Shared Project Cost: $333,000 ($111,000 federal; $111,000
This project involves the replacement of poorly functioning storm
and sanitary sewer mains that are responsible for flooding,
system overflows into the Annapolis River and treatment-system
overloads and washouts. Middleton residents will see a decrease
in the risk of household flooding because of this project and the
local river ecosystem will benefit from a higher quality of
treated wastewater. The project provides for future community

Babineau Heights Sewer and Water Services
Town of Annapolis Royal
Shared Project Cost: $163,900 ($54,633 federal; $54,633
This project will replace 213 metres of 50-year-old sewer and
water mains on the Babineau Heights road. The new sewer line will
replace an old concrete pipe currently suffering from root
intrusion and leakage, while the new water main will be designed
and built to protect against any possible sewer
cross-contamination. In all, 20 homes and businesses will benefit
from safer, more reliable water services and fire hydrant access.

Margaretsville Water Treatment Filter System
Municipality of Annapolis
Shared Project Cost: $137,000 ($45,666 federal; $45,666
The water treatment project includes the installation of a slow
sand filter to treat the surface water portion of the community's
water supply, and a MIOX system, which uses salt water and
electricity to disinfect the remaining water. The unique MIOX
technology, new to Nova Scotia, will combine with the sand filter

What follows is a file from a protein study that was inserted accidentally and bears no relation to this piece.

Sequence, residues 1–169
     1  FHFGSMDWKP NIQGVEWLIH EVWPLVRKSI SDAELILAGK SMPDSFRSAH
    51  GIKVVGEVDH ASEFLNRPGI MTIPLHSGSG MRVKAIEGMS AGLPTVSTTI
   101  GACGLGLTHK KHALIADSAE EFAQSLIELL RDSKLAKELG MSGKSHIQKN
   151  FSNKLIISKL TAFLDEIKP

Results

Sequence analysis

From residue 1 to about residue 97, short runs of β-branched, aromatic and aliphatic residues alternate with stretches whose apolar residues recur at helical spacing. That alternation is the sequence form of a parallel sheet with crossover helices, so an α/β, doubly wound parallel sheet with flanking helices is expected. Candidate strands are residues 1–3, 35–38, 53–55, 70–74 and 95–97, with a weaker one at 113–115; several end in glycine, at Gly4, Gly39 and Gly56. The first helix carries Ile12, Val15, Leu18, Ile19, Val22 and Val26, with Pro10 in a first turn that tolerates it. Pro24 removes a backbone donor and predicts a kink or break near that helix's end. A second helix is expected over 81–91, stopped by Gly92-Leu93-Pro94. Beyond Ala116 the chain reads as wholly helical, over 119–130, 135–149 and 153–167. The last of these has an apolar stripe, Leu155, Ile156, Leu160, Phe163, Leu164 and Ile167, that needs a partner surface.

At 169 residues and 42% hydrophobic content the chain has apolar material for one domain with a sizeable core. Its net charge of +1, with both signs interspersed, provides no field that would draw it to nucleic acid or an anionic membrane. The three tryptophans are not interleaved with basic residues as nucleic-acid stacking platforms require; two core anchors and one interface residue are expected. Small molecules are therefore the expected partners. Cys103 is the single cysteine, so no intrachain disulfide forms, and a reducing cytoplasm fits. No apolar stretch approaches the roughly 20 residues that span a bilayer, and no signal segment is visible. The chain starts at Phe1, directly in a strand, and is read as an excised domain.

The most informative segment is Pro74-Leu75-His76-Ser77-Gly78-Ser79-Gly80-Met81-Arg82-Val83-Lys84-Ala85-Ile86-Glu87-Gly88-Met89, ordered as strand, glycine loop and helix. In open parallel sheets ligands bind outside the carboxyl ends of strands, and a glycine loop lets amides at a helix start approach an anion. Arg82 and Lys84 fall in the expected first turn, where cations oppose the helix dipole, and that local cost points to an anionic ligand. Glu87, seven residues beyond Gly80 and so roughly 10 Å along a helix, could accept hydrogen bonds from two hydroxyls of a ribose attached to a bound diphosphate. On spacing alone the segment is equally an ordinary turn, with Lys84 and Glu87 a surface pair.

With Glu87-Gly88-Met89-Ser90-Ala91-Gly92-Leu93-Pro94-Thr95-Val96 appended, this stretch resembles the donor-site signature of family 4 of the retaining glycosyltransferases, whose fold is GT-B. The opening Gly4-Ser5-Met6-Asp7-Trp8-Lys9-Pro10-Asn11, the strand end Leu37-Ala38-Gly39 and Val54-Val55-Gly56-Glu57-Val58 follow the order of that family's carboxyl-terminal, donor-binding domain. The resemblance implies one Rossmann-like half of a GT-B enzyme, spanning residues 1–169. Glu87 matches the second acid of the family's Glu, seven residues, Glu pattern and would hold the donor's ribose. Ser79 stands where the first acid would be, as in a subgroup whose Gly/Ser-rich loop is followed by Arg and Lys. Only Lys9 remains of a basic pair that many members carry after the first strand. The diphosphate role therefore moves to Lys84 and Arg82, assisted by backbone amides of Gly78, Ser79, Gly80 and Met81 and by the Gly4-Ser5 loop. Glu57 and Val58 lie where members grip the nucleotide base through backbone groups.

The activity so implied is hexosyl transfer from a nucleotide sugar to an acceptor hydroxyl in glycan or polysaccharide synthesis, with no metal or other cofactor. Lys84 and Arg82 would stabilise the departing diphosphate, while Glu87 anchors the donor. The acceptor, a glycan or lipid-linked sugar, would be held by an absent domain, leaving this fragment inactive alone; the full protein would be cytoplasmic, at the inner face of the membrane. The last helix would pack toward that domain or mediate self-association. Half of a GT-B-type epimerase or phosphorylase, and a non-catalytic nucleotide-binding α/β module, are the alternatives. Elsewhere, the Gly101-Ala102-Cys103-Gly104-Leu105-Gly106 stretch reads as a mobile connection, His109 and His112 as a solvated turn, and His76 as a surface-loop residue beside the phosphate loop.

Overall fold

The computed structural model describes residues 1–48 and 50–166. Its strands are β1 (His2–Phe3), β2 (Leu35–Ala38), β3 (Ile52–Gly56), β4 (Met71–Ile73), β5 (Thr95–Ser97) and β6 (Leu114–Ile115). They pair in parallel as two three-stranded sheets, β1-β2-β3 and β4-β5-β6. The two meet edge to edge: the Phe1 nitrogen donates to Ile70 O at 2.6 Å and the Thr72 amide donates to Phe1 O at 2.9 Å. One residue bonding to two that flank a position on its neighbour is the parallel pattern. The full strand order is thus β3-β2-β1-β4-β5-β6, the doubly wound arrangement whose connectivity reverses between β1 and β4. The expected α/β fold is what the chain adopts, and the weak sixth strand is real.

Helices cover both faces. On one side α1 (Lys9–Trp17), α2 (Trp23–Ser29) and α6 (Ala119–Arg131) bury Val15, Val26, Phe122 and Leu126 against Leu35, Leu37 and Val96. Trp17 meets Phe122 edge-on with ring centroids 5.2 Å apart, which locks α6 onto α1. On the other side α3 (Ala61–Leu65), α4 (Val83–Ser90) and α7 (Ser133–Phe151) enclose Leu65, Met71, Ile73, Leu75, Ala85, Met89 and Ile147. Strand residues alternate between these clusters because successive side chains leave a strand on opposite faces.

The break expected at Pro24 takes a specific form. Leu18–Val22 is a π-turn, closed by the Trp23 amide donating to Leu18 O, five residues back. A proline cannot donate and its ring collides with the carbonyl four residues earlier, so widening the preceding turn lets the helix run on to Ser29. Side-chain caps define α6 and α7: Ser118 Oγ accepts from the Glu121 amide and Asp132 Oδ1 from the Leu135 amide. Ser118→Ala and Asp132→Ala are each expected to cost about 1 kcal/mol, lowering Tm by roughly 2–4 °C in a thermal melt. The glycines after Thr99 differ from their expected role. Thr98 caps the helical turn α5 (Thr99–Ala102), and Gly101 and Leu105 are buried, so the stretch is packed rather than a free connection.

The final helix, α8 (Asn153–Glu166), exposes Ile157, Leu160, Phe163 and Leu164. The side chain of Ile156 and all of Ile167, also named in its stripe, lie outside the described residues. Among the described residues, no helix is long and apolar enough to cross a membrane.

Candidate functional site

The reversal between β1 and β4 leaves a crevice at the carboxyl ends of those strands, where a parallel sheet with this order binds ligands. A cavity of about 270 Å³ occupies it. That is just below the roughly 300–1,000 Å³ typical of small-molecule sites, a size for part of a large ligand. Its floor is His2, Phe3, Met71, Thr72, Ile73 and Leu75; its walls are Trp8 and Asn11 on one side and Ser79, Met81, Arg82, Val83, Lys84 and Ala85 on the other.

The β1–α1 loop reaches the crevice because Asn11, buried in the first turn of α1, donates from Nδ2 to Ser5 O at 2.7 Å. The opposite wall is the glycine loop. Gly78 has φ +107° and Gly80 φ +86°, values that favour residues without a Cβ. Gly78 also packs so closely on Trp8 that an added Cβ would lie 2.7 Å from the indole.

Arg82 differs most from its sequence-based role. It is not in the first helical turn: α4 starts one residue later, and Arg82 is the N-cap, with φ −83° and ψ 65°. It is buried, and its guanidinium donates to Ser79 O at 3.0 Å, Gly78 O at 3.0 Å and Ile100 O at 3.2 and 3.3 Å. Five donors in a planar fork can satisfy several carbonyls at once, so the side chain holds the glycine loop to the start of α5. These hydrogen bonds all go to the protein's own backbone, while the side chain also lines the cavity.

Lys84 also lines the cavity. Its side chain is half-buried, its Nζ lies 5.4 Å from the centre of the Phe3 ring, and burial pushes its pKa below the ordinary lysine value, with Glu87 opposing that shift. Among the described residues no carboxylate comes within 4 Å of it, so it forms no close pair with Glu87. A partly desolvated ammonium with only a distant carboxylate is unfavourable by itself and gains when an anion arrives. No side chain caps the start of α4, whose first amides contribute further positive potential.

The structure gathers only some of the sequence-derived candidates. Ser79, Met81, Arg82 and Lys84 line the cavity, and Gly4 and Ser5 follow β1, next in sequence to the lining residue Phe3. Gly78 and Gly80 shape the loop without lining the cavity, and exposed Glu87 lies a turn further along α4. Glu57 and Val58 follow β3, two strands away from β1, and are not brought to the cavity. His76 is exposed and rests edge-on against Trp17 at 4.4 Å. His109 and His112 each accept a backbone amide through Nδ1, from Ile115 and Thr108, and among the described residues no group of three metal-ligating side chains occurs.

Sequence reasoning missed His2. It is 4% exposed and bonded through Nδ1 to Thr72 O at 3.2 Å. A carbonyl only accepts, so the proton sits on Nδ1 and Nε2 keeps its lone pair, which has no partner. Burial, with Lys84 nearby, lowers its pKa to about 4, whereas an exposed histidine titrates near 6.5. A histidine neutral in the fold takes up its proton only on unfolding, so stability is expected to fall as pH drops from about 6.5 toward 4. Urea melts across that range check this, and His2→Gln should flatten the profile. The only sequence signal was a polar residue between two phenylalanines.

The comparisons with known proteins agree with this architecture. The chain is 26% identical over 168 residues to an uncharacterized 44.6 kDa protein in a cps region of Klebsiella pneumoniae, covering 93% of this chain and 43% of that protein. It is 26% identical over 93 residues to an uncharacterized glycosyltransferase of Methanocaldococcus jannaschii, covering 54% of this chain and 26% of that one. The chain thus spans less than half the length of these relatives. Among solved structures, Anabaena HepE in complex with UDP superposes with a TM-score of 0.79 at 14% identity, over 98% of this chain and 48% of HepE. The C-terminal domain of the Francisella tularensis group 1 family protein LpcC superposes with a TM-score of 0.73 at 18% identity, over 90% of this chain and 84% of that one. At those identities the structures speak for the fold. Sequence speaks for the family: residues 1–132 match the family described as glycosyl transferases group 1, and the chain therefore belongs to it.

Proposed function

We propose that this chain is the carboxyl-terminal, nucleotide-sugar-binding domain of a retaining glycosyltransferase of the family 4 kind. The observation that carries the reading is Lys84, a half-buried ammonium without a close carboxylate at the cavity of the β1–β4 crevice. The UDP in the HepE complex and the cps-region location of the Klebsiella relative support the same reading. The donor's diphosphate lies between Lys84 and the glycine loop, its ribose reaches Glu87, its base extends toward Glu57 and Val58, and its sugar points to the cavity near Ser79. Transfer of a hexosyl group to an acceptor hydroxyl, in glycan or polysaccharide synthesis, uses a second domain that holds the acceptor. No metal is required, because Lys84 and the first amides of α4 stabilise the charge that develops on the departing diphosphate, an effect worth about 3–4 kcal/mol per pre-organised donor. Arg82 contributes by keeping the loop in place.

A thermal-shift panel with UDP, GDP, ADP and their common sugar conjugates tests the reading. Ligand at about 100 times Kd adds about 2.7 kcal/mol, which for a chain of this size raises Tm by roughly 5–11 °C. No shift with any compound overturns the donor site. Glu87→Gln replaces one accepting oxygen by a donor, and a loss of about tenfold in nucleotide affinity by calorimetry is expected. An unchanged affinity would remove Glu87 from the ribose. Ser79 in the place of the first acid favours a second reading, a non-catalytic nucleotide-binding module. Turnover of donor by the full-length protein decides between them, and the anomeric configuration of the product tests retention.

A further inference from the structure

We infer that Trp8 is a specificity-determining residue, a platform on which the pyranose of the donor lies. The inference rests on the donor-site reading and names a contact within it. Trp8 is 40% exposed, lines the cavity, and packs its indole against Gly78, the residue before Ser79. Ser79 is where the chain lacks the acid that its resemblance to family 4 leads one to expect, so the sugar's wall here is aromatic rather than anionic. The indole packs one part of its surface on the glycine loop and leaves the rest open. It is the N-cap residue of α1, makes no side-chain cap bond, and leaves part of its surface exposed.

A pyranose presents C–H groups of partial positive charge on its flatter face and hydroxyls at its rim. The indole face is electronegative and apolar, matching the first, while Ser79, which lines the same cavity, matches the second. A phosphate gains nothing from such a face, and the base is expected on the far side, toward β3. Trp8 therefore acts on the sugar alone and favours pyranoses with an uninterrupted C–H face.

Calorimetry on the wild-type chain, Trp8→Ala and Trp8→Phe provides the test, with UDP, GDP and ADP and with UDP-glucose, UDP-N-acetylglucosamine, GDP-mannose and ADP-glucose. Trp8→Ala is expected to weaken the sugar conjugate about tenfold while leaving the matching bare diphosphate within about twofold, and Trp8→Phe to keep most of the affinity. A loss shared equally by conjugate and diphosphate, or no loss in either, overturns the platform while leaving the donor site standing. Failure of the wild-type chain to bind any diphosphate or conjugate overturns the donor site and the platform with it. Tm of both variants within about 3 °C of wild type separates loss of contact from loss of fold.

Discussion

system to deliver improved, safe drinking water that meets
Canadian Drinking Water Quality Guidelines to 160 households.

Transportation Infrastructure -- Streets, Sidewalks and Storm
Town of Bridgetown
Shared Project Cost: $300,000 ($100,000 federal; $100,000
This project will include sidewalk, curb and gutter improvements,
street reconstruction, storm drainage controls and repaving.
Improved storm-drainage structures will reduce the risk of
flooding and lower maintenance costs.

Carleton Corner Water Main Upgrade
Town of Bridgetown
Shared Project Cost: $113,750 ($37,916 federal; $37,916
This project entails the design and replacement of 300 metres of
Carleton Corner water main, as well as the installation of new
fire hydrants. The existing four-inch-diameter cast-iron pipe is
deteriorating, causing numerous breaks. Ongoing buildup of
mineral deposits inside the pipe is restricting proper water
flow. Nine homes will have better-quality drinking water and
increased fire protection. Other benefits include an increase in
water distribution system reliability and decreased lost water
and lower operating costs.

Water Chemical Building and Equipment
Village of Lawrencetown
Shared Project Cost: $106,429 ($35,476 federal; $35,476
This project provides for the construction of a new building for
water treatment supplies, such as chlorine metering equipment,
meters, valves and other related materials. The building will be
located adjacent to a new water-storage tank being constructed in
the spring 2002 through the Canada-Nova Scotia Infrastructure
Program. Benefits include safer drinking water for the entire
community and better maintenance accessibility and service

kjd         November 15, 2002        9:53 A.M.